10.5 Assessment summary — Long-term outlook
Section 54(3)(h) of the Great Barrier Reef Marine Park Act 1975 requires ‘… an assessment of the longterm outlook for the ecosystem…’ within the Great Barrier Reef Region. Section 116A(2)(f) of the Great Barrier Reef Marine Park Regulations 1983 requires ‘an assessment of the long-term outlook for the heritage values…’ of the Great Barrier Reef Region.
10.5.1 Outlook for the Region’s ecosystem
Outlook report 2009: Assessment summary Despite the introduction of significant protection and management initiatives, the overall outlook for the Great Barrier Reef is poor. Even with the recent initiatives to improve resilience, catastrophic damage to the Great Barrier Reef ecosystem may not be averted. Building the resilience of the Great Barrier Reef ecosystem will give it the best chance of adapting to and recovering from the serious threats ahead, especially from climate change. Given the strong management of the Great Barrier Reef, it is likely that the ecosystem will survive better than most other reef ecosystems around the world.
Current summary Outlook for the ecosystem: The Great Barrier Reef ecosystem is under pressure. Cumulative effects are diminishing the ecosystem’s ability to recover from disturbances. Some threats are increasing, driven mainly by climate change, economic growth and population growth. The emerging success of some initiatives (such as improving land-based run-off) means some threats may be reduced in the future. However, there are significant lags from when actions are taken to improvements being evident in the ecosystem. More than ever, a focus on building resilience by reducing all threats is important in protecting the Region’s ecosystem and its outstanding universal value into the future.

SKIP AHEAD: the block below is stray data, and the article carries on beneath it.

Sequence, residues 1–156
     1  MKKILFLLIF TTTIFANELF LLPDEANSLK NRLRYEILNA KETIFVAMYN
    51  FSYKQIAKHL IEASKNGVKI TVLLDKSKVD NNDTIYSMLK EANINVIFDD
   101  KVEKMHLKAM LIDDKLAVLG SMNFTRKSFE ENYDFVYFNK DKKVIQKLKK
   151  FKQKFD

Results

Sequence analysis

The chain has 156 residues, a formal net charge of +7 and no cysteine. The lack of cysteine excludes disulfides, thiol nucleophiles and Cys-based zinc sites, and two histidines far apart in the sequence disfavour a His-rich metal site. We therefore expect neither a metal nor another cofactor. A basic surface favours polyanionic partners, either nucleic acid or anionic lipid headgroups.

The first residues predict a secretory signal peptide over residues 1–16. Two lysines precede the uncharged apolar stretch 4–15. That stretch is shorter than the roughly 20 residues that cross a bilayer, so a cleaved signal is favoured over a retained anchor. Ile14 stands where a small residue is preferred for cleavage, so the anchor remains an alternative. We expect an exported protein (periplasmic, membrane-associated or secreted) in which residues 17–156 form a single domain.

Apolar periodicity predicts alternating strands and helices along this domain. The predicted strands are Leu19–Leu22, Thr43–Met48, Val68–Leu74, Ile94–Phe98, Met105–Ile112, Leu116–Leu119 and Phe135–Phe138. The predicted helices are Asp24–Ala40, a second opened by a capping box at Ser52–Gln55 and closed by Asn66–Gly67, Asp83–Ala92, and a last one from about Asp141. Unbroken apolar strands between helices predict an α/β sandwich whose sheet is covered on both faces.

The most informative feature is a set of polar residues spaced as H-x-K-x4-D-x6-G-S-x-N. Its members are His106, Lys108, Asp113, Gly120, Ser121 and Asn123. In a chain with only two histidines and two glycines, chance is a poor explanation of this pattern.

Assessment grade and trend Very good Good Poor Very poor
Confidence Grade Trends
The values are likely to remain healthy and resilient for the foreseeable future with strong recovery at damaged locations. Additional management intervention is not required to maintain the values.
Trend since 2009
With only minor additional management intervention, the values are likely to remain generally healthy and resilient for the foreseeable future, with only some values showing signs of significant deterioration.
Improving Stable Deteriorating No consistent trend
Without significant additional management intervention, some of the values will deteriorate in the next 25 years and only a few values are likely to be healthy and resilient in the longer term.
Without urgent and effective additional management intervention, the values are likely to deteriorate rapidly with the loss of most values in the longer term.
Improved Stable Deteriorated No consistent trend
Adequate high-quality evidence and high level of consensus Limited evidence or limited consensus Inferred, very limited evidence
10.5.2 Outlook for the Region’s heritage values
Outlook report 2009: Not assessed
Current summary Outlook for heritage values: The close connection between the Region’s ecosystem and its heritage values means that many are deteriorating as ecosystem condition declines, for example Indigenous heritage values. Similarly, attributes that contribute to the outstanding universal value of the Great Barrier Reef are under pressure from a range of threats. The Region’s social significance, built around a history of personal experiences, will continue to shift as use changes. Underwater aesthetic values will likely continue to decline. The outlook for historic heritage values will be influenced by how well sites are recorded and maintained. Increasing recognition of the Region’s heritage values improves their likely outlook.
Assessment grade trend Assessment grade andand trend Very good Good Poor Very poor
Confidence Grade Trend